Charleston is brimming with restaurants, from traditional table service at places like the classic southern Husk to fast-casual dining like European-style cafe Babas. But Charleston’s culinary charm isn’t just tied to its sit-down restaurants — the city is dotted with food trucks and trailers serving up big bites in small spaces.
Like consumers and restaurateurs in the Lowcountry, food trucks are facing overall wholesale prices that are 8.6% higher than a year ago. But food trucks are also facing rising gasoline, diesel and propane prices. As of March 20, AAA recorded the Charleston County regular gas average at $3.98. Compared to just a month ago, the county average was $3.35, an increase of 18% in just a few weeks. And while prices have stabilized over the past week, they are still more than $1 higher than last year’s average of $2.70.
city paper inquired from some of the mobile food vendors who roamed the streets of the Lowcountry about the effects of the substantial increases.
“Oh, it affects me,” said Bits-N-Bytes’ Anthony Leonard. On March 10, Leonard worked a double, where he said he felt the most impact from the price increases. During his route that day, he left his kitchen on Rivers Avenue, drove to Bushy Park in Goose Creek, returned to the kitchen to “clean up and stock up,” then drove to the dinner place near Ashley Ridge Secondary School on Dorchester Road and finally back to his kitchen at the end of the day.
“I can fill the tank and just between those two routes, dragging a 7,000 pound food trailer, my tank can go from full to almost half full – and that’s the speed limit,” he said.
To offset some of the increased costs, some food trucks have simply chosen not to drive as far to sales destinations due to rising menu prices.
“We like to take jobs everywhere, but at this point we’re a little more selective,” said Lynn Hobart of Asian-Korean fusion Seol-Ah’s. Hobart added that she had also reduced some usual trips to a neighborhood on John’s Island. “And I hate putting minimums on things like that, but unfortunately that’s just the nature of the beast,” she said.
Although Latin America and Asia’s Fusion Dashi has a brick-and-mortar store at 1262 Remount Rd., the food truck still roams the streets. “We’re based in North Charleston, so we think a lot more critically about things on John’s Island, north of Mount Pleasant or the far reaches of Summerville,” owner Oscar Hines said.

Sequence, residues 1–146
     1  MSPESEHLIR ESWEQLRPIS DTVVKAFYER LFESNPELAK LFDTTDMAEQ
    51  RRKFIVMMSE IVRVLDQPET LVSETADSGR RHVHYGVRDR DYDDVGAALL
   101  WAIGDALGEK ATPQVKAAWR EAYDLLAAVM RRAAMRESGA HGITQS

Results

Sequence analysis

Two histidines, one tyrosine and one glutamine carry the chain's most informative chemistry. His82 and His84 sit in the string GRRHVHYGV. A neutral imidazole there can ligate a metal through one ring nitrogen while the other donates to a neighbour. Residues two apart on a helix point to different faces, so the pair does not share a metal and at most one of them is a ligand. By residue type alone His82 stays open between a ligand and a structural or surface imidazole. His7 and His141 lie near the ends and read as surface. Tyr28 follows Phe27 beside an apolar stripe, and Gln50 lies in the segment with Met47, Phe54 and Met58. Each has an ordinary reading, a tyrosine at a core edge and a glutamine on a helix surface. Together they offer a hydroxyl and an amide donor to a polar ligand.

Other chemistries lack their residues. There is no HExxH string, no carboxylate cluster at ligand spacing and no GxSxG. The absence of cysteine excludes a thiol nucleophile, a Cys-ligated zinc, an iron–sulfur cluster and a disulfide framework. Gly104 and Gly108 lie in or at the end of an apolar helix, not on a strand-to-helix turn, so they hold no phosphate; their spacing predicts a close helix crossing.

“We are facing the same challenges as restaurants with rising food prices,” said Anthony Gaudio of Italy’s Drunk Tony’s truck. “But we’re starting to get a little smarter about where we book in terms of distance, so we don’t drive too far.”
Unfortunately, this is not the case with all food trucks, especially those that are just beginning to turn the wheel.
Smash City Burgers have been popping up across the city at brewpubs like Snafu, Freehouse and Two Blokes since November. And earlier this month, the pop-up bought a trailer of Flight, a former fried chicken food truck.
“The thing is, because I’m still new, it’s a bit different,” Smash City owner Jeremy Reynolds said. “If I was an established food truck, I could dictate the terms of where I wanted to go, and that’s great for people who can do that.
“But at the same time, I want to get my name out there and I want everyone, no matter what part of town you’re in, to have a chance to try us out.”
Destination travel isn’t the only gas-consuming activity. Grocery shopping or US Foods and Restaurant Depot for supplies should also be considered now.
“We don’t have food delivered to our kitchen, so I go back and forth to the store sometimes two, three times a day,” said Bryson Webb of the eclectic Motley Chew. “So even doing that is 50, 60 miles a day.”
Webb said he was really hurt by the price increases because his truck uses diesel fuel, a county average of $4.97 per gallon according to AAA reports.
“Diesel has always been expensive, and it’s definitely a very high price now,” Webb said. “Gasoline prices have definitely affected every aspect of our operating costs, from the truck, to the generators, to my personal car.”
“It makes you think, ‘Should I take more ingredients at once? ‘” Reynolds said. “Now you have to bundle these trips together just to save money. What used to be a $5 trip is now a $10-$15 trip.
And it’s not just the price of gasoline. The cost of a gallon of propane has also increased.
Oscar Hines said Dashi was particularly affected by propane prices. “We probably spend about three times as much on propane as on gas every week,” he said. “When it comes to propane, it’s gone from $3 to $5 in some places…and the increase is probably closer to $70 a week, as opposed to gas, which is more like $30 a week.
“The biggest thing for me will be the propane,” added Reynolds of Smash City. “When I started I was just using a standard 25 gallon tank, and by the end of the year I had to buy two more. In November it was $16 to fill up, but now it costs me up to $25.
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